The regions with greatest production and longest experience in the distillation of grappa are those of northern Italy: Valle D’Aosta, Lombardy, Alto Adige (the bilingual Italian˗German region also known as South Tyrol), and especially, in top position, are Friuli, Veneto (the region of Venice) and Piedmont.

And it is in Piedmont that the oldest document in which grappa is mentioned is found: dating back to 1443, it is the payment of a customs duty for an aquavit of oenological (winemaking) origin, defined in the document "Barbera and Moscato (Muscat) aquavit". Unfortunately, there is no indication of whether the raw material used in the liquor was in fact marc, which, if specified, would have put grappa on the podium of the world's oldest distillates.

Throughout northern Italy, household distillation was widely practised, although in 1627 an edict made it illegal.

Grappa is one of the few distillates that can be savoured without any ageing. and whose instant aromas can be enjoyed. By ageing in wooden barrels, it assumes the highest characteristics, with more complex taste.

Nonino and other innovative distillers in search of high quality (Bertagnoli and Jacopo Poli spring to mind) made sure that they only received the best, freshest vinaccia, kept each variety separate and started producing single˗varietal grappas.Thus grappa became a stylish drink for after˗dinner time.

Today the range of top˗quality grappas is very wide, and some leading importers to the UK, for example the likes of Alivini and Enotria. have dozens of grappas in stock.

The secret of good grappa begins with vinaccia which still has life in it and is immediately transported to the distillery. Each distiller has a personal technique and still’s shape, although the best use pot stills.

Distillation is the process through which a low˗alcoholic product is transformed first into vapour and then into a crystal˗clear liquid of great strength. A good distiller knows when the right flavours of the distillate are formed and it’s time to place it into the vessel. If one waits too long, the spirit gets stronger but the flavours get lost. Grappa’s more aromatic varieties such as Moscato are taken off the still relatively early, as the delicate aromas appear the first.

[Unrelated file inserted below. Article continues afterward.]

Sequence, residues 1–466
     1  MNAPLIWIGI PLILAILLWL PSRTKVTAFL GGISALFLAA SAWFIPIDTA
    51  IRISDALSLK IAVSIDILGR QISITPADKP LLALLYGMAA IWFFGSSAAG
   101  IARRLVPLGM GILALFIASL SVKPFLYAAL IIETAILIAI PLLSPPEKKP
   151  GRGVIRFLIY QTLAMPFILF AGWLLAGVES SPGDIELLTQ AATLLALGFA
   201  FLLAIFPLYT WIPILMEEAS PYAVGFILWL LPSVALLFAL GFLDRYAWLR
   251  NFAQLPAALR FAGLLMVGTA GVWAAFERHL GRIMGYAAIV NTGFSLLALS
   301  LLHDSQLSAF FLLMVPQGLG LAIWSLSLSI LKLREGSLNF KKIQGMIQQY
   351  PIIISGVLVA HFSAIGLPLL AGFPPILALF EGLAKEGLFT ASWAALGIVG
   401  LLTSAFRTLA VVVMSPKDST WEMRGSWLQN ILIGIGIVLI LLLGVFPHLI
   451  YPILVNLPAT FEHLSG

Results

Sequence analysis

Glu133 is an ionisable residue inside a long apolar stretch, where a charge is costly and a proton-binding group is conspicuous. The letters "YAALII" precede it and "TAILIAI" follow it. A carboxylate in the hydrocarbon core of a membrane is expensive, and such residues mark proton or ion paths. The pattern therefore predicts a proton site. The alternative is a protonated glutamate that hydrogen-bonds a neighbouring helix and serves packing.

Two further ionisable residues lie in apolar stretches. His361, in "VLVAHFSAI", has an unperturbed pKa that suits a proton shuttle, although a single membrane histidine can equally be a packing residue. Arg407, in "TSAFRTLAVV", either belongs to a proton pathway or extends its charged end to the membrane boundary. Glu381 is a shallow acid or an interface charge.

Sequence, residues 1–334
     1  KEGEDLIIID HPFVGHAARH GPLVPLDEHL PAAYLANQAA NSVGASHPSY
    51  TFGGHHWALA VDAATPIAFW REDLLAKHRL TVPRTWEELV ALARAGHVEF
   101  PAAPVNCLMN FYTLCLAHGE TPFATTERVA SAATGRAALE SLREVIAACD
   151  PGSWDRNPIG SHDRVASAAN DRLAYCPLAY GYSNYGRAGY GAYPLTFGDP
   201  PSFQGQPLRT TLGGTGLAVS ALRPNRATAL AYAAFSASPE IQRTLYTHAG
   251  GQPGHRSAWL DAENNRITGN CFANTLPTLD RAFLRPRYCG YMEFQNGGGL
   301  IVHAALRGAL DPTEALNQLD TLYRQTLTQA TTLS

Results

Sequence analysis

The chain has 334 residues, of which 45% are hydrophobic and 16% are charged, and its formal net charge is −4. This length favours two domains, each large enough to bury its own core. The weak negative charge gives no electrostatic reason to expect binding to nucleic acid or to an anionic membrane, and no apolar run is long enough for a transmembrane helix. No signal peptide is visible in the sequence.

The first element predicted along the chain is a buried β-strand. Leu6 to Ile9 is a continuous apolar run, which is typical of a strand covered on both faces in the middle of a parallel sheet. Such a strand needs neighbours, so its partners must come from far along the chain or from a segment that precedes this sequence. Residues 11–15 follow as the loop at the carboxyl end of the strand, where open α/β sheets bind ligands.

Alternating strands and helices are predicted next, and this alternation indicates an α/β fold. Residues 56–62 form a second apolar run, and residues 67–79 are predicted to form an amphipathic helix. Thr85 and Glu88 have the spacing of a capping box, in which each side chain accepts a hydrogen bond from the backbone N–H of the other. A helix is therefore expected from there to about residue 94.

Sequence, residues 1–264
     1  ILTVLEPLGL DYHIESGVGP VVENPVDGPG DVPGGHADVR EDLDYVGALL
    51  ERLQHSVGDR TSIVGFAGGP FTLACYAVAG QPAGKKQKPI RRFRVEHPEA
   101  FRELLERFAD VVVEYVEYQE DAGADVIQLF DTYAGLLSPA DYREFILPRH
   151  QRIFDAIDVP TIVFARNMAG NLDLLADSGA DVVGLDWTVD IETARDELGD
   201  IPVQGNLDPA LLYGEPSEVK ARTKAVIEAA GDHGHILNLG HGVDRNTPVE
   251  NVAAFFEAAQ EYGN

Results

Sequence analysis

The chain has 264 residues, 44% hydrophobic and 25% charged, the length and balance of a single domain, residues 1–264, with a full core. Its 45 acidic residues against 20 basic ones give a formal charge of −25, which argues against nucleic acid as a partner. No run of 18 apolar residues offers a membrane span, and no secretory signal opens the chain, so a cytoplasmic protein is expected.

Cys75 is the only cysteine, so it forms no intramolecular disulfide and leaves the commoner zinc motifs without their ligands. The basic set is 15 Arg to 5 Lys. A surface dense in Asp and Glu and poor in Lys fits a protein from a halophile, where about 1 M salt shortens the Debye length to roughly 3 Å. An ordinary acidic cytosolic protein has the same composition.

You can find grappas from Moscato, Prosecco, Chardonnay, Nebbiolo, Riesling, Cabernet, Picolit.

These varieties of grappa are sometimes aged in ex˗sherry wood, a practice also followed in certain cases by Nonino, and barriques (small, oak wine barrels historically used in Bordeaux), a method used for Rocche dei Manzoni's grappas of Piedmontese wines Nebbiolo, Barolo and Barbera.

As spirit expert Dave Broom said, writing for The Guardian:

It's only when you taste them that you realise what remarkable spirits these new spirits are. Maschio's Moscato is like the distillation of a summer day filled with jasmine blossom, while grappas from red varieties do show some varietal character, Bertagnoli's Cabernet has fruity, almost minty length, while its Pinot Nero tastes of raspberries. in whites, Endrizzi's Chardonnay has an elegant, almost nutty aroma, while Casa Girelli's Moscato has an intense, perfumed nose, a powerful palate and a lemon-fresh finish - a bigger brother to Maschio.

The whisky connoisseur goes on to say that these "hidden gems" are versatile, being able to accompany well a great range and variety of desserts.